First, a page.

The NBA is a joke, plain and simple, a league that is now the laughingstock among the big four of North America. The NFL, along with Major League Baseball and the NHL, all have issues. What the NBA has is anarchy and a credibility level rapidly shriveling to zero.
Take heart, Rajon Rondo. You're not the only player who will show up for work today feeling unwanted. Everyone from Pau Gasol to Luis Scola to Lamar Odom and beyond will lace up his sneakers today knowing his employer tried to dump him in the wake of the botched deal that would have sent Chris Paul to the Los Angeles Lakers yesterday. The obvious difference is that Gasol, Scola and Odom were actually traded, at least until league owners complained that such a deal was another destructive weight shift in a league already known for competitive imbalance.
Um ... fellas? Correct us if we're wrong, but you just agreed to the terms of a new collective bargaining agreement. If the new CBA does not adequately address the flaws in a league where players have far too much power -- and it doesn't come close -- it's your own fault. You should have buried the entire season.
What a bunch of dopes.
Before we get to the specifics of the Celtics and Rondo, those of us in Boston should all stop for a moment today and ask the following question: if the Celtics, and not the Los Angeles Lakers, had made this deal only to see it overturned, how would you feel today? How would you have felt four years ago if the NBA intervened and blocked the deal that brought Kevin Garnett to Boston? As much as this has to do with an ownerless New Orleans Hornets team operating under the control of the league, it also has to do with a flawed NBA system that boasts a phony salary cap and has too often kissed the feet of the aristocrats.
OK, so the commissioner stepped in here and prevented the rich from getting richer, as if he were some sort of round ball Robin Hood. But here's the problem: the deal was completely within the rules, which certainly suggests that the mighty commissioner, the all-powerful David Stern, can now arbitrarily exert his influence whenever he sees fit.
If that is going to be the case, why does the NBA need a collective bargaining agreement at all?
The NBA, more than any other league, is questionable enough to begin with. Even before the Tim Donaghy affair, by nature, the game has been vulnerable to scandal. The officials blow the whistle more than in any other sport. Point shaving is often suspected. One player can influence the outcome of a basketball game like no other major team sport, and Stern's influence always has been suspected on many levels.
But this? This is embarrassing. This is Stern (and the entire NBA) arbitrarily deciding which teams can get which players, which is akin to fixing the draft lottery so that, say, someone like Patrick Ewing could end up in New York.
What a sham.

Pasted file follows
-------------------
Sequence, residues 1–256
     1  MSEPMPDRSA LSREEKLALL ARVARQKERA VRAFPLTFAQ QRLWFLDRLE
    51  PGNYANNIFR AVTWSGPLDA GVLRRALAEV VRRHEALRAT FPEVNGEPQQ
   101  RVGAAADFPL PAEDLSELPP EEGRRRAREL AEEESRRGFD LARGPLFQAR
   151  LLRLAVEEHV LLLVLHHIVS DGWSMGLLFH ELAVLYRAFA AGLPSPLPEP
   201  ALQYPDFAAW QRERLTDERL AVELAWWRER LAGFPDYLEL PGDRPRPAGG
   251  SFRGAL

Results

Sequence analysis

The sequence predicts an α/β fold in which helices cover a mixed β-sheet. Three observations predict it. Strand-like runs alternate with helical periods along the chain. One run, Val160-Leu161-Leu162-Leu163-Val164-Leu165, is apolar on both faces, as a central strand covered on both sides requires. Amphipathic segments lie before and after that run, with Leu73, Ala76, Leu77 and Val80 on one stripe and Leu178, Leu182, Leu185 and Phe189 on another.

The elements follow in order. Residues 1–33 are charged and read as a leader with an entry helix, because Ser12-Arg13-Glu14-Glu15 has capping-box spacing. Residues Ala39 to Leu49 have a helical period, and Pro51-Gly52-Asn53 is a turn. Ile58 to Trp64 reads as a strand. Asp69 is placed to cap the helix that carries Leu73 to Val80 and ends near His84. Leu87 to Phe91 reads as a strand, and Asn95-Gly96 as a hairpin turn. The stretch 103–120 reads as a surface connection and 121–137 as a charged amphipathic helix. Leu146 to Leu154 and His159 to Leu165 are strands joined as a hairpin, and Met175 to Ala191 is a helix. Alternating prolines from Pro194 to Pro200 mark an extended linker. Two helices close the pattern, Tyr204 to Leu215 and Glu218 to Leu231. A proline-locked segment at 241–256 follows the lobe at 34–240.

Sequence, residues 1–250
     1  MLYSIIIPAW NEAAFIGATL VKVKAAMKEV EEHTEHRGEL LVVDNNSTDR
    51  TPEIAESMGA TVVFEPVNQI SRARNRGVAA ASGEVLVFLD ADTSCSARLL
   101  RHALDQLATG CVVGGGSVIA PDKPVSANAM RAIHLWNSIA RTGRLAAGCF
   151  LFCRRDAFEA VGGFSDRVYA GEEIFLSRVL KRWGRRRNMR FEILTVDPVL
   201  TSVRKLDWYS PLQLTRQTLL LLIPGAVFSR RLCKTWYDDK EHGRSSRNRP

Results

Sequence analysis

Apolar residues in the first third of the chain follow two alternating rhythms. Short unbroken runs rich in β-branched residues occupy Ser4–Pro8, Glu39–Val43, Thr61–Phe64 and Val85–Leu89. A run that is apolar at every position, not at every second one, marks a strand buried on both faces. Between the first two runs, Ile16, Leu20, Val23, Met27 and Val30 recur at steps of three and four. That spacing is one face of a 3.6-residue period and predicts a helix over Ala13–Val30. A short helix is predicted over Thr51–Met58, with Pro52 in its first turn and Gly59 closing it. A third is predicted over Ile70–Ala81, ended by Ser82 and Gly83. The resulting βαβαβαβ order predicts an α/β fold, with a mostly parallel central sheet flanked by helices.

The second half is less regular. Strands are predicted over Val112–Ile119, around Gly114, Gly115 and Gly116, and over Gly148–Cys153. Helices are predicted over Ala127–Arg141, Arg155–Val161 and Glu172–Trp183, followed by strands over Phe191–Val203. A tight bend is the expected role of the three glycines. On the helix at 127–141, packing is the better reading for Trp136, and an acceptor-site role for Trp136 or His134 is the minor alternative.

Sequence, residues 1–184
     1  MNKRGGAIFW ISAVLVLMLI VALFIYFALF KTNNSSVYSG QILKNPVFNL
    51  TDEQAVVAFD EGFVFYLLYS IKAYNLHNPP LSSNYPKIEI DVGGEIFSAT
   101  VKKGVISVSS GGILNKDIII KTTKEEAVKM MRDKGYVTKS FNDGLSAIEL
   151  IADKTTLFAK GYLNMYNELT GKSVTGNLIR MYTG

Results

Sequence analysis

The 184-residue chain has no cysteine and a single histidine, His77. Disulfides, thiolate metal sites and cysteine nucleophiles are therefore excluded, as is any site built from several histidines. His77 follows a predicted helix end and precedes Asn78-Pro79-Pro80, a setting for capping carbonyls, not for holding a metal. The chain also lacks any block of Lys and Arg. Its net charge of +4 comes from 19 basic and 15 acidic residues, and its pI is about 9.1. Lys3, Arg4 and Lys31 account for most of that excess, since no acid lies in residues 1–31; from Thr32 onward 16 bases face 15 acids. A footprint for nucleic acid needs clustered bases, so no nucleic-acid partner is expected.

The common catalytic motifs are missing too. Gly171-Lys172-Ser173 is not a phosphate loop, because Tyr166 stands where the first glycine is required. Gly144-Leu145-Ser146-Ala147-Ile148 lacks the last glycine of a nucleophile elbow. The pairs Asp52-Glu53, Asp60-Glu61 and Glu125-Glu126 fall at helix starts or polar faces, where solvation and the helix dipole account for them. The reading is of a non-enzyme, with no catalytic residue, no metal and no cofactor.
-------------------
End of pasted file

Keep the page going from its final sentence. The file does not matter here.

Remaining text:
Again: if you don't like the rules, boys, you should have changed them when you had the chance.
As for the Celtics and Rondo, let's hope Boston owners or officials were not among those who complained about the prospect of Paul joining Kobe Bryant in Los Angeles. (Was a swap of Andrew Bynum for Dwight Howard to be next?) That would be terribly disingenuous. The Celtics have exploited the NBA system for years, from the drafting of Larry Bird to the renaissance built around Garnett and Ray Allen, and we have all praised them for it. You win by the sword and die by the sword. There is no crying in basketball, either.
Rondo, in particular, should take note of that last fact, if for no other fact that professional sports are a business. For every team that doesn't want you in a trade, there is usually another that does. In this case, the unfortunate reality is that the Hornets apparently did not want him, either, at least not under the terms reportedly discussed by officials from Boston, Charlotte and any number of other teams.
Still, the point is that Odom sounded every bit as distraught as someone like Rondo appears to be, and Odom (a relatively accomplished veteran) would seemingly have more reason to be upset.
"Maybe I'll see you there tomorrow [at practice]," Odom told the Los Angeles Times. "But I doubt it. You don't want to go to no place you're not wanted. I'll try to give them what they want as much as possible."
Sooner or later, of course, Odom will have no choice but to show up. If he fails to do so, he will not be paid. And we all know that most professional athletes (if not all) love nothing more than their paychecks.
For the Celtics, despite the initial outcome of the Paul negotiations -- his temporary landing in LA -- rest assured that yesterday's development is bad news. Boston has never been a preferred destination for NBA free agents, the greatest acquisitions in Celtics history all coming via trade or the draft. Moves like a trade for Paul are the only chance the Celtics have. Lest anyone forget, the Celtics got bounced in the second round last season by the Miami Heat, who are improving. Meanwhile, Garnett, Ray Allen and Paul Pierce are all a year older, suggesting the Celtics will, at best, be a second-round participant in the playoffs.
Without question, Ainge knows this.
If he failed to, he would not have spent so much time recently trying to do exactly what the Los Angeles Lakers were doing.
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